Well, in the United States for instance, we don’t think of our pipe organs which are far more numerous, although not nearly so old, we don’t think of them as a part of the national patrimony of the United States.

I think when you’re a foreigner, a foreigner resident in a different country, your antennae are out there all the time. You live on the edge a little bit and you’re just always, you have to be a little bit hypersensitive to clues about heritage and patrimony and traditions and all that. And actually, I think that the heightened sensitivity makes you appreciate things more. Maybe you see things that other people don’t see. Maybe it’s like the tourists coming to town who sees things that the resident doesn’t see. It’s kind of like the inverse of the prophet in his homeland not being honored. The prophet out of his homeland is honored. I think that could very well be true. So, it was an advantage to be kind of an outsider, an ignorant outsider and just do what had to be done. It’s like the project took on a life of it’s own, you know and in a way this conference started out as a conference with just a few people. It had just started building and building and pretty soon a festival got thrown in because we were going to have all these wonderful artists. So, of course, we were going to have concerts, but that5 concerts means a festival and we had a photo show, we had a technical drawing show, we even had a philatelic cancellation. So you’ve really put your stamp on the organ scene in Oaxaca in a literal fashion, right? We really have. The organs deserve it, I must say. They’re quite seductive, quite charming.

Tell me about your hearing the organ out at Tlacochahuaya and what the experience was.

This was about two years ago. First time I probably played and heard an historic organ. Actually, that’s not true. I was president of the inaugural concert of the Tlacochahuaya organ in 1994. And I heard it and I remember liking it. And it was Dominic Ferand who played and who’s CD I have and I love that CD, but it’s like I just wasn’t ready for it. I probably was still trying to be a pianist, I was still hooked into things that I didn’t have as a pianist and maybe not open to organ. I also have children and a home and so on, so it just wasn’t the time to jump into something new. Then there was a time when I was ready because II had been back at school, I had been at Indiana University in 1997 and ’98 and studied performance program in piano and came back to Oaxaca just in time for the earthquake to close the theater and trap the concert piano inside. So, I was kind ofyou know, just events conspiring. Looking around forI was dying play. I didn’t have a piano to play anymore, I hadn’t really resolved what to do about that, I met some people who had been financing organ restorations in Oaxaca. They, in fact, introduced me to Gustavo Delgado and his wife Ophelio Gomez a few months before I met Ed. I knew about their restoration projects in Oaxaca. Once again, it didn’t really click. I was just roaming around you know, this kind of loose energy, looking for a focus. My focus was supposed to have been the piano and that was gone. My kids were out of the house. So, I went out to Tlacochahuaya sort of, by chain of events met Ed through another organist and I remember when I was sitting downstairs in the church looking around and Ed played the fauxbourdon of Cabézon. I just remember it, I remember sitting here thinking this is the real thing and this is the real music. It’s the gutsy stuff that I love. It’s the sounds that I love, it doesn’t matter if it’s piano or organ or what it is. It’s the real thing. I’m hearing it and I want to participate in it. That’s all I knew at that point. And then the way it unfolded is where we are today. So it was sort of good enough to eat. Yeah it was good enough to eat. Well, if you go out to that place and sit there and are surrounded by the beauty of that church and the smells and then the sound of the organ, youit’s pretty hard to resist.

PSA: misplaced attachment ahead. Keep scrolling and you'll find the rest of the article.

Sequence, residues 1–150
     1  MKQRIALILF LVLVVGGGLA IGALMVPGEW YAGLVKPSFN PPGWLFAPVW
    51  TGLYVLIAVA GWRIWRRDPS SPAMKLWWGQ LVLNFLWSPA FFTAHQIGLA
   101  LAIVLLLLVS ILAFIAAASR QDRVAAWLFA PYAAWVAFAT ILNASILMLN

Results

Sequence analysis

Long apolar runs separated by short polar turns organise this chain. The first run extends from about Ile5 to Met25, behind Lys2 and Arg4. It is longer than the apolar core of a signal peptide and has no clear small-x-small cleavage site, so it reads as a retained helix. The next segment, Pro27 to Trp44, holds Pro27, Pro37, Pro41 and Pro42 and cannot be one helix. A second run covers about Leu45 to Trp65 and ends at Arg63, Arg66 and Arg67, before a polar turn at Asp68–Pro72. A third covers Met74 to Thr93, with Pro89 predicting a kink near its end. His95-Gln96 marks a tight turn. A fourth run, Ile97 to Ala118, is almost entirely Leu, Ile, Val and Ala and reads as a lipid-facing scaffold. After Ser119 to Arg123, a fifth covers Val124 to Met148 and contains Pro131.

Do you think of yourself as gardeners? These marvelous blossoms, these restored organs have come up in your garden, in your home garden, as it were and now you’re their caretaker, you keep them watered, you bring people by and say,“Look, isn’t that beautiful?”

Perhaps although a lot of them haven’t quite flowered. They’re still sprouting. We want them to flower and we’ll work toward that but yeah, that could be. Guardians and custodians. They’re just wonderful little treasures. We think of them sort of like our children and one thing that’s fun is this photographic survey that Ed Pepe has been doing on our trips with this incredible archive of photographs. Thousands of them and it’s sort of like name that tune. You know, to be able to look at different views of an organ and to know which one it is. They each have their own personality, most definitely.